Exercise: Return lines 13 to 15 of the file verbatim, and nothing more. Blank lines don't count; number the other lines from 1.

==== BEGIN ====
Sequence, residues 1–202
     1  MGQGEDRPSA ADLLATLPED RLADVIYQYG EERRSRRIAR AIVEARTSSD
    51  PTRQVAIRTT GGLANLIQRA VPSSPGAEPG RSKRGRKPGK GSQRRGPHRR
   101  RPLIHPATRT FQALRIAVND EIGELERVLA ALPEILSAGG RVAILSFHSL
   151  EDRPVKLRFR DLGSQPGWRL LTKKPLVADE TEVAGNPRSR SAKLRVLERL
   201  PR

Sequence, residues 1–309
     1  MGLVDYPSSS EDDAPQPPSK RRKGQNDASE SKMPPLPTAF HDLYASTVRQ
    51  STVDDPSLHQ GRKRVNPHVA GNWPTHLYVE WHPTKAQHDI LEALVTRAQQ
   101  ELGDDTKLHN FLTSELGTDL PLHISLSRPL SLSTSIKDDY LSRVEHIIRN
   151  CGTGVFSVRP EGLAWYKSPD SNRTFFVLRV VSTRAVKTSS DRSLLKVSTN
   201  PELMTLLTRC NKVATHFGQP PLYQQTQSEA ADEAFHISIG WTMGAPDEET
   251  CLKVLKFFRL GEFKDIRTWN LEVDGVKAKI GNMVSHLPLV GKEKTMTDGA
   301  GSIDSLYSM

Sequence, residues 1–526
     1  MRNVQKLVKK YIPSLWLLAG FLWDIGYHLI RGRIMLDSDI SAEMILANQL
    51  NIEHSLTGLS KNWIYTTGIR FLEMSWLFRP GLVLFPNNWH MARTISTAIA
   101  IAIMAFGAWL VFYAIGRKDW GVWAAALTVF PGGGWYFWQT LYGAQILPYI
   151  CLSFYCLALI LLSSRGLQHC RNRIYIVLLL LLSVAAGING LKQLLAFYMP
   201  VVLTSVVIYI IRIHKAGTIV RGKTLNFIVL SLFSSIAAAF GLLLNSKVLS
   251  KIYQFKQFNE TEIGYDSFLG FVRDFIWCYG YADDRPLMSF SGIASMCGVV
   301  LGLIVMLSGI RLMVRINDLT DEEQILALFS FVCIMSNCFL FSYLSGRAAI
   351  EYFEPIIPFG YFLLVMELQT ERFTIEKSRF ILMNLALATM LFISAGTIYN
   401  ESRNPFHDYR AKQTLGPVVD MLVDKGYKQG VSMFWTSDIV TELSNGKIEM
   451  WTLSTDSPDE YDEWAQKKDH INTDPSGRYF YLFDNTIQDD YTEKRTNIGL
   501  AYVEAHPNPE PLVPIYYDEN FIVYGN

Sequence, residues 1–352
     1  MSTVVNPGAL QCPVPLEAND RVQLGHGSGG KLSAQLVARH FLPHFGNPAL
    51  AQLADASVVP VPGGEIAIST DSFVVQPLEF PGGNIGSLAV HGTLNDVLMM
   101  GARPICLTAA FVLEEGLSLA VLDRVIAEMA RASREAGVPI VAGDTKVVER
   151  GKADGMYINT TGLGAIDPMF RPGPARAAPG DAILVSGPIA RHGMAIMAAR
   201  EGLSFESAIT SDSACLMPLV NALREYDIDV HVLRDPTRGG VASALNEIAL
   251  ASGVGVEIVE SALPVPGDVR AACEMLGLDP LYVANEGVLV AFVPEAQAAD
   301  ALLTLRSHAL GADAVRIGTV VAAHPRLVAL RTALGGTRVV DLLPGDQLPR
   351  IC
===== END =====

   251  CLKVLKFFRL GEFKDIRTWN LEVDGVKAKI GNMVSHLPLV GKEKTMTDGA
   301  GSIDSLYSM

Sequence, residues 1–526